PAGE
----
Part of the family: Three generations of fishing cats at Oklahoma City Zoo


OKLAHOMA CITY (KFOR) – Visitors to the Oklahoma City Zoo and Botanical Garden will now be able to see three generations of the same family.

Recently, the zoo welcomed two fishing cats from Brookfield Zoo in Chicago as part of the Association of Zoos and Aquarium’s Fishing Cat Species Survival Plan.

The breeding pair, 11-year-old Chet and 10-year-old Anna are the biological parents of 6-year-old Boon. They are also the grandparents of 2-year-old Puddles.

OKC Zoo new fishing cat Chet credit Sabrina Heise
OKC Zoo new fishing cat Chet credit Sabrina Heise

 “Chet and Anna’s arrival brings the Zoo’s fishing cat family to a total of five animals. This is especially exciting as there are only 27 fishing cats in the AZA animal population,” said OKC Zoo’s Curator of Carnivores, Tyler Boyd. “By welcoming this new breeding pair, we have the opportunity to strengthen our commitment to the conservation of this unique and vulnerable species.”

OKC Zoo's new fishing cat Anna credit Chicago Zoological Society
OKC Zoo’s new fishing cat Anna credit Chicago Zoological Society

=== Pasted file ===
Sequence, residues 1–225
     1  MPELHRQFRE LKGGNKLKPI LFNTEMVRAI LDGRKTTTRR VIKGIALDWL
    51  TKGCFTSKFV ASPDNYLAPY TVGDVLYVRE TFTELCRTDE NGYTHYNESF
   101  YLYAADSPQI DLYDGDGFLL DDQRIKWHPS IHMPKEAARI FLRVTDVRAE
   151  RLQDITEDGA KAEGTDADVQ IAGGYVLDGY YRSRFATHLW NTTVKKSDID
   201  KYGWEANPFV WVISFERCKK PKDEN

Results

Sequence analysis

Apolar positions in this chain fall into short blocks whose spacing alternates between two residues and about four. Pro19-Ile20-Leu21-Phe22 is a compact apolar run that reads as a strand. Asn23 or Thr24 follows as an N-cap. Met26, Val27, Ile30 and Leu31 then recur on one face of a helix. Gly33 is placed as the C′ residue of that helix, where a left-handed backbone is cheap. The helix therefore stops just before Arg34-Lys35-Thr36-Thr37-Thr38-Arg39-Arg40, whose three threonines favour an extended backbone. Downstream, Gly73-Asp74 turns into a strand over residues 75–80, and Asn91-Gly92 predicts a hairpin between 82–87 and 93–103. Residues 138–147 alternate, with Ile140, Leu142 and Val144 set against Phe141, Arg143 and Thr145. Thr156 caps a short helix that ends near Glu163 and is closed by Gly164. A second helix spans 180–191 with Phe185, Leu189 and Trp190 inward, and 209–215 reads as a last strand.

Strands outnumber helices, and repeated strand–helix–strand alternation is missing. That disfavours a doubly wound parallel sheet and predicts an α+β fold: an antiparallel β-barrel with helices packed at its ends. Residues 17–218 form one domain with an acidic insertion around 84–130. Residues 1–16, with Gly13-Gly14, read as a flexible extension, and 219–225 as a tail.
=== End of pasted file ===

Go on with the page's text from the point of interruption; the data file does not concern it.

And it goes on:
Although the pair has bred together previously, fishing cats are solitary by nature and only come together for breeding purposes. Dependent on their comfortability levels and outside temperatures, Chet and Anna will begin rotating time individually on habitat with fishing cats Miri, 13, and Boon, by late November.

Two-year-old, Puddles, can be visible to Zoo guests in his habitat, located inside the Small Cat building in Cat Forest.

Native to South and Southeast Asia, fishing cats are listed as vulnerable by the International Union for Conservation Nature. The greatest threat to declining fishing cat populations is wetland destruction, caused by pollution, encroachment, draining for agriculture, and excessive hunting and fishing.


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